Associated Students of Portland State University hosted its annual public presidential and vice presidential debate on Tuesday, April 11. The debate began at noon inside Smith Memorial Student Union and more closely resembled a press conference rather than a debate for unopposed presidential candidate Brent Finkbeiner and vice presidential candidate Donald Thompson III.
Watch the video report by Nicolas Lee
Thompson was first to speak, opening with an acknowledgement of the indigenous space the PSU campus occupies.
“It’s important to acknowledge the space that we occupy,” Thompson said. “The campus is built on indigenous land that was taken from those peoples. They have routinely been exploited and erased. When we have conversations about what’s going to happen to our campus, it’s important to acknowledge that we continue that cycle to this day of displacement and erasure.”
Thompson said he was driven to student government through desire to be involved on campus in a more direct way and explained how it related to his own personal goals.
“The need to take control over my own sense of self, that extends from me to taking part in my community and taking control of my own destiny as a student,” Thompson said. “If you see an issue and you feel capable of contending it, then you should.”
Finkbeiner’s draw to student government came from a personal place and his service to the country.
“The same thing that inspires me to do this job today is the same thing that inspired me to join the military,” Finkbeiner explained.
“I care very deeply about all the people in this country and in this world,” Finkbeiner continued. “There is so much that we can do for each other that we don’t do.”
“One of the biggest things that I’m about is dedicating myself to others,” Finkbeiner said. “When I joined the military, I joined as a medic because my goal was not to ‘have some fun and blow some stuff up,’ it was to save lives and that’s what I did.”
Finkbeiner felt he lacked a sense of purpose after leaving the military.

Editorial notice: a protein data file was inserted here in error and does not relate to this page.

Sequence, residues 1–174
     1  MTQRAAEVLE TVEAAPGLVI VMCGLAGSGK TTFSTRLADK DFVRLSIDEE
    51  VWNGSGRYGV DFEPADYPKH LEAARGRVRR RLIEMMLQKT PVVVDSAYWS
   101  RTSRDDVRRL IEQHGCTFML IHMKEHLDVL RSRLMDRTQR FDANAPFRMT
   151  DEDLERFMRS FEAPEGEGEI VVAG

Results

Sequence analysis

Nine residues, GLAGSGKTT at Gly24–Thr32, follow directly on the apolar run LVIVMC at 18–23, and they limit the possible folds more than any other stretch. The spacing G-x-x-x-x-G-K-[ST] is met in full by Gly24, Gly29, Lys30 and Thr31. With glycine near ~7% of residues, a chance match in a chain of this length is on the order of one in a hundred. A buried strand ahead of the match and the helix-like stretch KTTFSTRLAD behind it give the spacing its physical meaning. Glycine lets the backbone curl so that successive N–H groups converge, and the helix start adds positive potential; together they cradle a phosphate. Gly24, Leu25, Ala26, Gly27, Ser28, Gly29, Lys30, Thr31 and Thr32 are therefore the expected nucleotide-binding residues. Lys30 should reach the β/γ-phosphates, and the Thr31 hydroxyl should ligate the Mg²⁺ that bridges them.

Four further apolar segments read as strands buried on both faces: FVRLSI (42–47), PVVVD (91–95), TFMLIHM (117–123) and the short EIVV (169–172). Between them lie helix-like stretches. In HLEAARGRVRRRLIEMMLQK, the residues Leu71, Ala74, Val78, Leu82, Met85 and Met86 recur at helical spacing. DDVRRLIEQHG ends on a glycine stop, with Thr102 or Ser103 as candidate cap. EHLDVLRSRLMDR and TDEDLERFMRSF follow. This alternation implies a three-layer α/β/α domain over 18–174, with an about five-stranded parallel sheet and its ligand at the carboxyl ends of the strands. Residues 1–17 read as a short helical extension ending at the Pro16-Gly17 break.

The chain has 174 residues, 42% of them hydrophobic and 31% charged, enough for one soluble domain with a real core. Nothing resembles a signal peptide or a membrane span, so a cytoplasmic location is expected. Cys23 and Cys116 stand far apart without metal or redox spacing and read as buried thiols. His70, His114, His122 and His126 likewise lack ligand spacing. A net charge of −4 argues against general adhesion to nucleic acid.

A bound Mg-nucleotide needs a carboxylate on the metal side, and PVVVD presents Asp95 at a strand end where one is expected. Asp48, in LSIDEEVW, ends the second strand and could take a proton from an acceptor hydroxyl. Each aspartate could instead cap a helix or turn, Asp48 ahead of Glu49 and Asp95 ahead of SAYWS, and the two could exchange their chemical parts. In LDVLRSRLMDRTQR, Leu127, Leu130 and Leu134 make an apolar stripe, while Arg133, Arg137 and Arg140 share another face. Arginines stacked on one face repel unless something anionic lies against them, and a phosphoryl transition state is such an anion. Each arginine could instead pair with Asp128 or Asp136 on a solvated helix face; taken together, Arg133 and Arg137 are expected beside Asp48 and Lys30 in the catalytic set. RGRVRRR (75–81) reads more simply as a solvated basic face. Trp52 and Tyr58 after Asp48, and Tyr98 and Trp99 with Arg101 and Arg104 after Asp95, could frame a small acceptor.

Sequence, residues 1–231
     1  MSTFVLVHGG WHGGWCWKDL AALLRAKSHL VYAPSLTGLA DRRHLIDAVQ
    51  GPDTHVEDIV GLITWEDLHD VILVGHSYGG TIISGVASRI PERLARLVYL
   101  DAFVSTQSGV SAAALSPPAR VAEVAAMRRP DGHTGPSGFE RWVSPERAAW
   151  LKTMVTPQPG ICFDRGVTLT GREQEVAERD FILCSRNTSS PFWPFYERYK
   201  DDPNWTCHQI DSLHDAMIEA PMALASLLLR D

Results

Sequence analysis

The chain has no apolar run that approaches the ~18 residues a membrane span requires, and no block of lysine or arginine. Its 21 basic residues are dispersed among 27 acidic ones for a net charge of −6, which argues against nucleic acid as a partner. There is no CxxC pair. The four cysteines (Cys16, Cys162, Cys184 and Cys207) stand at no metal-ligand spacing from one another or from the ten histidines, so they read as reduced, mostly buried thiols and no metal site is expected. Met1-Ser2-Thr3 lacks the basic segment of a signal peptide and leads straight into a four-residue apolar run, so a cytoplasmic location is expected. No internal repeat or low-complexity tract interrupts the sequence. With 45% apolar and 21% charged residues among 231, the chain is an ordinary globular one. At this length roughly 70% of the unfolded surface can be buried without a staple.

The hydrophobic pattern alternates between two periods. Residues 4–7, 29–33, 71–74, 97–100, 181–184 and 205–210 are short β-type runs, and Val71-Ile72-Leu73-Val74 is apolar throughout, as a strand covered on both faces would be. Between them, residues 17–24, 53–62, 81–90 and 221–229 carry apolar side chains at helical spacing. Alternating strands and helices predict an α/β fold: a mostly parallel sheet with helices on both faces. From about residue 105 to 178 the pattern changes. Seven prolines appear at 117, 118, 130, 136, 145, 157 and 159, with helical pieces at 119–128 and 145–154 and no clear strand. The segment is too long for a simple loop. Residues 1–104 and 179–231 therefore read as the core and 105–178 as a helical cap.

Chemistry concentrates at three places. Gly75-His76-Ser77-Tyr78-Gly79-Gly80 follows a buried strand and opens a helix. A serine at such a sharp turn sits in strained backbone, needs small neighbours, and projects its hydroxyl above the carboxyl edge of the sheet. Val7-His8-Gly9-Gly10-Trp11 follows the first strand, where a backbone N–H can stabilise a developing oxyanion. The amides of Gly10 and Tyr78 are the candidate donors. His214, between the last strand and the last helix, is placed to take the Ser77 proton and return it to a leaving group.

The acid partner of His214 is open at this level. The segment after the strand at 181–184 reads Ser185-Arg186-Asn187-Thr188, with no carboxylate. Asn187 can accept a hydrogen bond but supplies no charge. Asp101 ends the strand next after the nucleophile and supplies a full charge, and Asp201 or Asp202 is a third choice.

“After you save a life and you see people hurting, there’s nothing more tragic than realizing there’s nothing you can do,” he said.
Ultimately, Finkbeiner ended up in ASPSU as a student leader.
Leadership through listening
If elected president, Finkbeiner said he hopes to use leadership as a tool to advocate for fixing broken systems by banding together with others to create something better.
“To put our personal selves aside as leaders, to handle other people’s pain and to listen to other people’s problems and to do everything that is in their best interest in how they describe it,” Finkbeiner said, describing his leadership goals.
Finkbeiner expressed the belief that leaders who think they have all the answers without listening to others is a form of elitism that nearly got him killed in the military.
Echoing the need for listening, Thompson expressed a desire to increase communication with diverse spaces, multicultural centers, and resource centers.
“Use those connections to know what’s going on, to hear their concerns,” Thompson explained. He then added that he desires to see “the student body engaging with those groups in the different parts of the community that they are removed from.”
Response to tuition increase
In addition to questions about their personal leadership goals, Thompson and Finkbeiner were asked about other pressing issues on the PSU campus. They expressed concern over negative effects this may have on underserved communities adding they hope to use ASPSU to support those students.
ASPSU recently looked into altering the constitution’s grades stipulation that removes ELSA scholarships for ASPSU members whose grades fall. Finkbeiner stated he has a hard time imagining most people doing ASPSU’s work for free.
Finkbeiner stated the privilege of support from military service as a key factor in his ability to maintain his grades and wondered how much more students could get done if they didn’t have to constantly lobby against tuition hikes.
Thompson described his belief in a leadership team that supports each others’ workloads, picks each other up when they are tired or need extra support to focus on studies.
Thompson and Finkbeiner are hoping to check themselves and keep open ears to criticism from their peers within ASPSU and the student body.
The two also expressed hopes to do a better job of keeping students informed about ASPSU happenings, ways to participate, and making access to ASPSU updates and information easier.